So that morning, before heading to the Laurentians, I stuffed the ingredients I needed in a bag, and I stopped at the neighborhood grocery store to pick up fifteen of those oblong Italian babies.
Eager to taste these unusual plums, my little monster swallowed one on the way while we were traveling the roads with mountainous and green horizons. I, too, was tempted to savor one.
But I tried to save the other fruits for the best part.
We arrived shortly before noon. My hosts, Yolaine and Peter, were quick to treat us to sugar-free cranberry veggie cookies. They then took us to a lake two steps away from their chalet to enjoy the first part of the day. Along the way, we lost Peter, who had met a neighbor and stopped to exercise his excellent chattering skills.
The children bathed in the lake a bit, while we sat on a bench watching them, inhaling the fresh air and letting our hair dance in the wind. The late afternoon involved a little walk in the woods where we philosophized on sensible but challenging to apply ideal parenting theories while my son was practicing his photographer skills.
As a parent, you would be acting as a guide, as a resource person to help your child, this new traveler lost in earthly space, unravel his emotions, and know himself well inside to develop his full potential. Deep understanding and adapting life lessons to the child’s unique character traits would be the approach. But you should not forget your self-understanding and self-development—your daily challenges.
This little intellectual stroll was rewarded with olive focaccia, patiently waiting for us on the kitchen counter. But before we sat down to the table, I got busy to make my crumble, while Peter had gone to stock up on other food.
The plums’ bellies were ripped open, pitted, cut in half, and placed in a baking dish; they were stirred with a little flour and spices and covered with a thin white coating of flour, mixed with brown sugar, non-dairy butter, and spices.
All that remained was to put everything in the oven except that…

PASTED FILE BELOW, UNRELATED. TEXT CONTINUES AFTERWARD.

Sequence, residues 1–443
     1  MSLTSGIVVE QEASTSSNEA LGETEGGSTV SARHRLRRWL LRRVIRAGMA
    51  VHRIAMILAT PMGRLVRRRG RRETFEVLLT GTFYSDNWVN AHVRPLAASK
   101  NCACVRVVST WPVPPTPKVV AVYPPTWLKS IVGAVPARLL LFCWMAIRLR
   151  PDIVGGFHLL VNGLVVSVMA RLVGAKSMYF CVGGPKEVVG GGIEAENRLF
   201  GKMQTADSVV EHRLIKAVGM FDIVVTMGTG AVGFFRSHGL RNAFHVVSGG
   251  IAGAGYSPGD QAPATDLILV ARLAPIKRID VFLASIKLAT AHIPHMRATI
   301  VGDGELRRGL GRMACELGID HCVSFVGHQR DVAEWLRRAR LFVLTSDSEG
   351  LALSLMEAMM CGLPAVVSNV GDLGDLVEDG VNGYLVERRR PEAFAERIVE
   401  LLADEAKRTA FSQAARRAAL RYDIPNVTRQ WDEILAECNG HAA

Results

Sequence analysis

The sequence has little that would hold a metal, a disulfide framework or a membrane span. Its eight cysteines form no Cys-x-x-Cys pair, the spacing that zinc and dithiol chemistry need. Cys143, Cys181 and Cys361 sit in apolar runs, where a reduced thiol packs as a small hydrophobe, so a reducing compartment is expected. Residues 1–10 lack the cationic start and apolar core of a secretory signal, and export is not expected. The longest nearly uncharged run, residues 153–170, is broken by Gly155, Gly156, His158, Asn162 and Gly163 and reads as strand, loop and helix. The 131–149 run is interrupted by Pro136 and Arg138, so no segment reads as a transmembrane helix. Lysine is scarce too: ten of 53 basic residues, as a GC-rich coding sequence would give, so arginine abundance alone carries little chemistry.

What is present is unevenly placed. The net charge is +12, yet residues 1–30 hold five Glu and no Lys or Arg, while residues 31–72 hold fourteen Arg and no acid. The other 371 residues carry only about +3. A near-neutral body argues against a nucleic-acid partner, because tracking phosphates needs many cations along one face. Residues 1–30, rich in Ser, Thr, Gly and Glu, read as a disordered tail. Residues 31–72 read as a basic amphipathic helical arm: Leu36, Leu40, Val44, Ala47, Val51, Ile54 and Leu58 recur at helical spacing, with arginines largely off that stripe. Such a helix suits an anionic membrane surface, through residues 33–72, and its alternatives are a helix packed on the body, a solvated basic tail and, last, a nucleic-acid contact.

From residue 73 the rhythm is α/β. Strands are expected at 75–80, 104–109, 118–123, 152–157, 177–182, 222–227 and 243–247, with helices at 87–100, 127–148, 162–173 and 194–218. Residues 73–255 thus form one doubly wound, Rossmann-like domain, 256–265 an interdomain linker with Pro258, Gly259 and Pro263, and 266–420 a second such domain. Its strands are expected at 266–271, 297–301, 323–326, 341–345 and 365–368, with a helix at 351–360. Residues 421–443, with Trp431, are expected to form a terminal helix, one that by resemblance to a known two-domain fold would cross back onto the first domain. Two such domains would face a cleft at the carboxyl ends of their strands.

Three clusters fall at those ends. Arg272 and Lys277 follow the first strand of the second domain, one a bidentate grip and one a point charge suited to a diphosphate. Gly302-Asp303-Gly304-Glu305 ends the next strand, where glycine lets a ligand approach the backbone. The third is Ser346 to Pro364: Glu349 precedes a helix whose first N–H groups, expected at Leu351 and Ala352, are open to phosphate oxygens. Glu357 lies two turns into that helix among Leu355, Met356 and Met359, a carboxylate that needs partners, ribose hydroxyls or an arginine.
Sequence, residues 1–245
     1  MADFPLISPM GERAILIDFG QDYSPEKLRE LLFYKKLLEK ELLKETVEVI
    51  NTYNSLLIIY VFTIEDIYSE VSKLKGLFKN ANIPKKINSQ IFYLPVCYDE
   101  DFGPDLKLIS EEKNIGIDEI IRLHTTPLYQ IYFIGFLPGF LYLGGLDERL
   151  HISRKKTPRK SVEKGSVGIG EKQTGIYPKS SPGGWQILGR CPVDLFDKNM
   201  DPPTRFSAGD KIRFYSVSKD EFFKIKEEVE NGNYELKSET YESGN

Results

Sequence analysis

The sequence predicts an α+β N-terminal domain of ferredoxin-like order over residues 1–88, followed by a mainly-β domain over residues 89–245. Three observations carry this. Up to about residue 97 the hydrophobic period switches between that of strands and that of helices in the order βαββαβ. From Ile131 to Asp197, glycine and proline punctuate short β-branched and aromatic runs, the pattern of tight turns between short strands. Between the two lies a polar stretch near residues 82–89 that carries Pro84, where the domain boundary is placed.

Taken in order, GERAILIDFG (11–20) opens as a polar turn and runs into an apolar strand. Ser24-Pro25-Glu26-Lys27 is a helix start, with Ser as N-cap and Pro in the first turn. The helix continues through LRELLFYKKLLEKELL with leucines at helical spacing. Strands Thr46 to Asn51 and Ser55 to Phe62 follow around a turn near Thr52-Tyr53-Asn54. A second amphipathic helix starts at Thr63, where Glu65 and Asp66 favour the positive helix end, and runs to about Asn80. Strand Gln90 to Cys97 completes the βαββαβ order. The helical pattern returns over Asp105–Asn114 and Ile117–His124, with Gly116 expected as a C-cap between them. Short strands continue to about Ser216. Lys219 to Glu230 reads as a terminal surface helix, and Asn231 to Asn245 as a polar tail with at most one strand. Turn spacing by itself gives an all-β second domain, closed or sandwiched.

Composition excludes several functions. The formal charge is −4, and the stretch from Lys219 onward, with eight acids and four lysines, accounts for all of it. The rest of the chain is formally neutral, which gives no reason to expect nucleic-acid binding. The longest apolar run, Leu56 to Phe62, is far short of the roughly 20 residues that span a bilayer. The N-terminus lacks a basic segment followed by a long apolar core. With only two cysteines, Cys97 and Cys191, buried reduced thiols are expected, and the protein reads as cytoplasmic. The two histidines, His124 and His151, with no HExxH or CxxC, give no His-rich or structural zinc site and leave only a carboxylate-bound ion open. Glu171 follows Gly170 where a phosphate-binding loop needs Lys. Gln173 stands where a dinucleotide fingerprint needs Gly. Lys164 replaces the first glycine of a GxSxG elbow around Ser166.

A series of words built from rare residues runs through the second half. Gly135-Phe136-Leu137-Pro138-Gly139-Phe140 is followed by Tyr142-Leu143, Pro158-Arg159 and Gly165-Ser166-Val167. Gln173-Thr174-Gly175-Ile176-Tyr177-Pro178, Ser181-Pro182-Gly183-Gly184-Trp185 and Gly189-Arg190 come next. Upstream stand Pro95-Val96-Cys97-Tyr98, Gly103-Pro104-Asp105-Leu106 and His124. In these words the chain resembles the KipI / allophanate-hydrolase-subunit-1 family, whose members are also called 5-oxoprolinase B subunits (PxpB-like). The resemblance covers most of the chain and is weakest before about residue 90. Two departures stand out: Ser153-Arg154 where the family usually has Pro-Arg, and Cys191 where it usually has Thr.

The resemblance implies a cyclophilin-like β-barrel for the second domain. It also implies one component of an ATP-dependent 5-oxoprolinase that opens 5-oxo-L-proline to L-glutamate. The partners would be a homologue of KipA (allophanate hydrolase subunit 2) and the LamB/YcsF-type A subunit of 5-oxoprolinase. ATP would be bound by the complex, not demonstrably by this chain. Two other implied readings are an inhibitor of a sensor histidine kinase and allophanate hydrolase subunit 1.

Failing to have any aluminum foil, I covered my dish with stove rings, then slipped it into the oven until we finished our meal.
Once again, I was dealing with hard-to-please children. My hosts’ children had withdrawn from the table because, they told me, the crumble was not their cup of tea.
But luckily, I raised a gourmet.
He was waiting for this moment and was very happy to stuff himself with dessert. After almost 45 min, the crumble’s sweet scent perfumed the kitchen to such an extent that Peter’s hunger worsened. It was high time we put it into our mouths. I opened the oven, and the plum jam was bubbling in their juice and bursting from the heat. They were ready to be attacked by our forks.
The topping was pale brown and pleasantly lumpy, crisp in some parts, chewy in others, soft where it meets the jammy fruit below. The plum filling was so solidly tart that it reminded me of the taste of lemon.
I think that’s why my little monster served himself with two significant portions.
In fact, we all followed suit. During our tasting, Peter told me about an effective person’s organizational skills, which made me feel out of place. I could only wipe away this grievous awareness or reminder by dipping my spoon into a third portion.
But all good things come to an end.
Darkness had arrived, and the time had come for us to hit the road again. I got into my car, sad to see another day of the long weekend disappear, and drove through the night to Montreal.
We arrived a little before midnight. After the obligatory nightly personal care, we threw ourselves into our beds, drunk with happiness and aware that we still had Monday left—that extra day to be happily unemployed and celebrate our achievements from the last three days all lightly.